Molly Osberg wrote an article in 2014 and said, “Voters, it seems, are willing to forgive-over and over again-dishonest yet beloved politicians, if they think the job is still getting done.”  And that’s the crux of the matter. Men like Bill Clinton will go down as one of the greatest Presidents in modern US history because he led the longest economic expansion in American history, more than 22 million new jobs were created in less than eight years, homeownership was higher that it had ever been, lowest unemployment rate in 30 years and the lowest crime rate in 26 years.  Yet the name Monica Lewinsky will always be a part of our history now thanks to him as well.
And we do forgive and forget continually. If we benefit from the politics of an official, we sweep their transgressions under the carpet. We say he didn’t lie; he just chose his words carefully. And the list goes on and on.
The truth is that we live in a society where integrity and government, rarely coexist. It’s like we live in this paradoxical world where though our corruptions are more widespread, our awareness (thanks to social media and 24/7 news channels) is higher than ever but our lack of incentive to punish is stronger than our knowledge.
So maybe that’s how we start to right our ship. Maybe we reinstitute consequences no matter what level is at fault. Maybe we stop excusing the wrongdoings of our leaders because we reap the benefits of their actual work. We hold our children to high standards of doing well in school, excelling at their extra curriculars, obeying the laws, having good manners, doing the chores we lay out for them, not having an attitude with us…the list goes on and on. But yet we do not hold those in our own political parties to any set of standards because we have been eaten alive by a “must win” “must control” culture.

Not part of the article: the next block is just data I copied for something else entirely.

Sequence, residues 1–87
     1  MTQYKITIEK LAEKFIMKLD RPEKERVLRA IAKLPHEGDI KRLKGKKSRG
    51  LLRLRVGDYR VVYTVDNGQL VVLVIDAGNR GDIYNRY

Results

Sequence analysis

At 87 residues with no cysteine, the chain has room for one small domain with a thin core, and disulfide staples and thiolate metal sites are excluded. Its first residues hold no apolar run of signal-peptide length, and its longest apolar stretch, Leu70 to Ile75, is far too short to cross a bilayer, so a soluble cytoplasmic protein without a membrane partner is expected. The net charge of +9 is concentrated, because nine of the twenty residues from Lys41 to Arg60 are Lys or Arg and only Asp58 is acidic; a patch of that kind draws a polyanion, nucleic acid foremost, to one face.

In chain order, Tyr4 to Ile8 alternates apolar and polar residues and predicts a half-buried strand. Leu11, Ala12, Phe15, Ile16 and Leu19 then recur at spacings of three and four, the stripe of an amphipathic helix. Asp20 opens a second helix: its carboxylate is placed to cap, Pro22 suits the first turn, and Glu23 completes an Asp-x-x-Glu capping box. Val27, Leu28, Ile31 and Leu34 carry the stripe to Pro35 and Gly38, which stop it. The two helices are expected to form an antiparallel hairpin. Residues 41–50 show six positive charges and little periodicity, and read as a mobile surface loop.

The truth is we don’t view “famous” people, whether political or not, with rose-tinted glasses, we’ve just simply grown to expect them to do terrible stuff. We have bread a culture of hypocrisy and then want to throw the book at those we don’t agree with. Kobe Bryant is a household name, a future NBA hall of famer. Also arrested for rape, though exonerated, his defense was that “other women he’d slept with could testify about his rough sexual style.” You buy your sons Laker’s jerseys every Christmas with Kobe’s name and number on the back, but yet you fill your Twitter up with tweets against Trump for his p****-grabbing comments. It just seems a little hypocritical, and maybe changing that narrative and holding a hard line against something (no matter the culprit) could right this ship. Harvey Weinstein’s empire is going down in flames, rightfully so, but what about Woody Allen? He did molest his adopted daughter, lest you forget Hollywood.
If Trump had servers in a bathroom in Colorado, I assure you the liberal media and 99% of Twitter would be calling for his impeachment over it. And if Hillary Clinton had talked about d***-grabbing, Conservatives would all be in an uproar.
The feminist brigade of Hollywood marches to the beat of their own drum; preaching empowering women, stonewalling men who belittle or demean them, and bashing Trump because of his track record with locker room talk…but it’s ok for them to go on Twitter and call females in the Trump administration names and degrade them because of their looks.
This is how we got here. And this is where we can start to fix it.
We must have clear lines of right and wrong. Black is black; white is white. And no that is not a racial statement for all you PC police on the internet. There can be no gray if we want to eradicate hypocrisy.
We teach our kids that right is right, and it’s always right. We teach them what is wrong and that no matter who they are with, or where they are, some things are always just plain wrong. We teach our kids bullying is wrong, God-forbid they read some of our social media accounts because we are becoming a nation of cyber bullies before our children’s eyes.
Why don’t we live that way as adults? Why don’t we hold ALL adults to that same standard?
It needs to get a little uncomfortable in our country where we introduce accountability back into our society. Then maybe we won’t just have to “live with the fact” that all politicians are crooked. We don’t raise our children to be crooked, let’s stop promoting and electing those who are.
Photo Credit: Scandal Official Facebook Page